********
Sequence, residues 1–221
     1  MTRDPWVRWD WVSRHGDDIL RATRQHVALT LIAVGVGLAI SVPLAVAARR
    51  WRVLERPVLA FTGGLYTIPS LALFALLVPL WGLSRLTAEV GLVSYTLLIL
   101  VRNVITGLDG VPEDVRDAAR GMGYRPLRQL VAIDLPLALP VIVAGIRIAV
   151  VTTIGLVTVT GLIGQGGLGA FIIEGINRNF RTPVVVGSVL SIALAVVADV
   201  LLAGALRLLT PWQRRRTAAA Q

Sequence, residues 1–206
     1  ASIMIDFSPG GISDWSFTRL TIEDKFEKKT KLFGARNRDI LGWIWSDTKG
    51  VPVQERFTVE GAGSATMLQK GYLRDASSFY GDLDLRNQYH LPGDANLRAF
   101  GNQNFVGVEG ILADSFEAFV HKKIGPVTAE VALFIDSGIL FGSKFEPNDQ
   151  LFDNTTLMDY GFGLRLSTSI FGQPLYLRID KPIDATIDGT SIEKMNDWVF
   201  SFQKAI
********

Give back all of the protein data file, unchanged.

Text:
Sequence, residues 1–221
     1  MTRDPWVRWD WVSRHGDDIL RATRQHVALT LIAVGVGLAI SVPLAVAARR
    51  WRVLERPVLA FTGGLYTIPS LALFALLVPL WGLSRLTAEV GLVSYTLLIL
   101  VRNVITGLDG VPEDVRDAAR GMGYRPLRQL VAIDLPLALP VIVAGIRIAV
   151  VTTIGLVTVT GLIGQGGLGA FIIEGINRNF RTPVVVGSVL SIALAVVADV
   201  LLAGALRLLT PWQRRRTAAA Q

Sequence, residues 1–206
     1  ASIMIDFSPG GISDWSFTRL TIEDKFEKKT KLFGARNRDI LGWIWSDTKG
    51  VPVQERFTVE GAGSATMLQK GYLRDASSFY GDLDLRNQYH LPGDANLRAF
   101  GNQNFVGVEG ILADSFEAFV HKKIGPVTAE VALFIDSGIL FGSKFEPNDQ
   151  LFDNTTLMDY GFGLRLSTSI FGQPLYLRID KPIDATIDGT SIEKMNDWVF
   201  SFQKAI